This article is long on the human interest and short on scientific specifics, but is nonetheless an interesting look at the present state and potential for immunotherapies for cancer - one form of the coming generation of targeted cell destruction treatments. Therapies that can cure cancer in a fraction of even late stage patients have moved from the laboratory and into early trials in recent years, a progression that will continue and broaden:
Walt [was] in Philadelphia, where he'd come to be a guinea pig in a test of a new kind of cancer treatment. Leukemia had invaded his bone marrow and spread like a stain through his lymph nodes; the traditional options, including chemo and radiation, had failed. He was 58, and his body groaned with tumors potentially weighing as much as seven pounds. Walt needed something radically different if he was going to live. And the treatment he'd been given a few days ago was certainly that.
Over the past several years, a couple of hundred mice had received it, but Walt was only the seventh adult human. (Six men had preceded him, as well as a six-year-old girl.) The treatment wasn't a chemo drug, and it wasn't a vaccine. Instead, doctors at the University of Pennsylvania had tried to make Walt's own body the drug. In an approach known as gene therapy, they'd taken his own immune cells, modified them to give them new powers, and injected them back into his blood.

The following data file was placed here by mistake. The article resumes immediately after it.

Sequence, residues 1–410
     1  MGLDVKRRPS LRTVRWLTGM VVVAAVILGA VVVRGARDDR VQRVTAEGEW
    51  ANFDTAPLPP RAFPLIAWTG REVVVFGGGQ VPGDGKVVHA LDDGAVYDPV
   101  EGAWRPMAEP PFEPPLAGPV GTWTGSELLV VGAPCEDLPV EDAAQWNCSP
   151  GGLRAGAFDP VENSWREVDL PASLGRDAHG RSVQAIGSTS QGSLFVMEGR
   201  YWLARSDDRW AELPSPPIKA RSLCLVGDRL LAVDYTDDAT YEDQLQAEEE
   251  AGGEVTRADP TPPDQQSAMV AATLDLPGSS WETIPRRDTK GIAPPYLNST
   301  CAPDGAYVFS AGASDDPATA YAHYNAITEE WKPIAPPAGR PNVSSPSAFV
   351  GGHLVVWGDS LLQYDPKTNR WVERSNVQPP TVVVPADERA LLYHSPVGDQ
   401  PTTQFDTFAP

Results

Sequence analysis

Scientists don't talk about "curing" cancer. A cure is the hope so great, so seemingly out of reach, that it must never be invoked. They've built a wall around the word. Still, the Penn researchers - as careful as they were, as professionally sober and skeptical - couldn't help but wonder: Was their small experiment the start of something that could one day affect thousands, tens of thousands, more? Was it revealing a secret about the human body that could point the way to treatments for other cancers, not just leukemia? There was no way to know until they gathered more data. They needed to show that the therapy was safe. And they needed to prove that the early patients - the men whose tumors they'd blasted away - weren't flukes.
Which is why so much now depended on Walter Keller. If Walt's condition improved and his tumors diminished, the trial would move forward, and the potential of the Penn therapy - the result of a decades-long quest of scientific passion and discovery - would continue to grow. But if he suffered harm, Penn would have to pause the trial and maybe stop it altogether.